Topic 3: Conflict Stages

The conflict begins to form when the differences between the parties are clearly defined and the representatives of the different parties “take a side”, ie. they are clearly aware of what in their situation, position or relations distinguishes them from the representatives of the “other” side.

If no mechanism is found to resolve the conflict in the first stage, it begins to develop and worsen. The parties in the conflict become hostile to each other. At this stage, they move from “us and them” to “us and the enemy.” At this stage, the conflict can become destructive and even forms of violence can take place. Positions are hardening and demands are growing.

A stagnation stage, the parties behave as if at war. Each side perceives the other as an aggressor who bears all the blame for the conflict. Each party is of the opinion that it is right and that only its claims are justified. At this stage, three different scenarios are possible:

  • a stalemate in which each side is ready for battle;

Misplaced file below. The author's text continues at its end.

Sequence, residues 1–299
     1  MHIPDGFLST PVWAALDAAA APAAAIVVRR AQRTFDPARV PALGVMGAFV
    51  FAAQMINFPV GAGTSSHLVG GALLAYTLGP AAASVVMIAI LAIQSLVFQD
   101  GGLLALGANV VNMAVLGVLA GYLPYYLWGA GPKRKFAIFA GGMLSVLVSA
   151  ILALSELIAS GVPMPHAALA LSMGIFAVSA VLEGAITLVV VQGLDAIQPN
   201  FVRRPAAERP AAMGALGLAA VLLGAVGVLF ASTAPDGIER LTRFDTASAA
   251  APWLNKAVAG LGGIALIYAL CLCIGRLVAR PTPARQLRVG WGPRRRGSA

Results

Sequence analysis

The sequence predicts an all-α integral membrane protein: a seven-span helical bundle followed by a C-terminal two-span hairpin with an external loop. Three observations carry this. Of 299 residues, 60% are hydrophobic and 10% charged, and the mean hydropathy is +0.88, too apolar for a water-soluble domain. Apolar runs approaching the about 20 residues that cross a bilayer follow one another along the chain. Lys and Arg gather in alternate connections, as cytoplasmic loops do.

• readiness of one side for battle;
  • exhaustion of strength and resources on both sides.

When the conflict reaches a situation where both parties are dissatisfied with the state of affairs, they can enter the process of seeking an agreement. At this stage, the parties come to the conclusion that this is a problematic situation, the solution of which depends on themselves.

Conflict resolution involves making compromises or finding creative solutions, often after heated arguments. Compromises, however, rarely lead to a solution that makes both sides feel good and lays the groundwork for good future cooperation. That is why it is good to develop cooperation and creativity skills in order to be able to find out favourable solutions for both sides. Conflict resolution should focus on the causes of the conflict in order to prevent or reduce the risk of future conflicts. The parties in the conflict must work together to achieve this result.

At the stage of working together, the agreement reached must enter into force. The parties in the conflict must work together to develop new rules for their future relations. They must also accept the past and come to terms with the differences.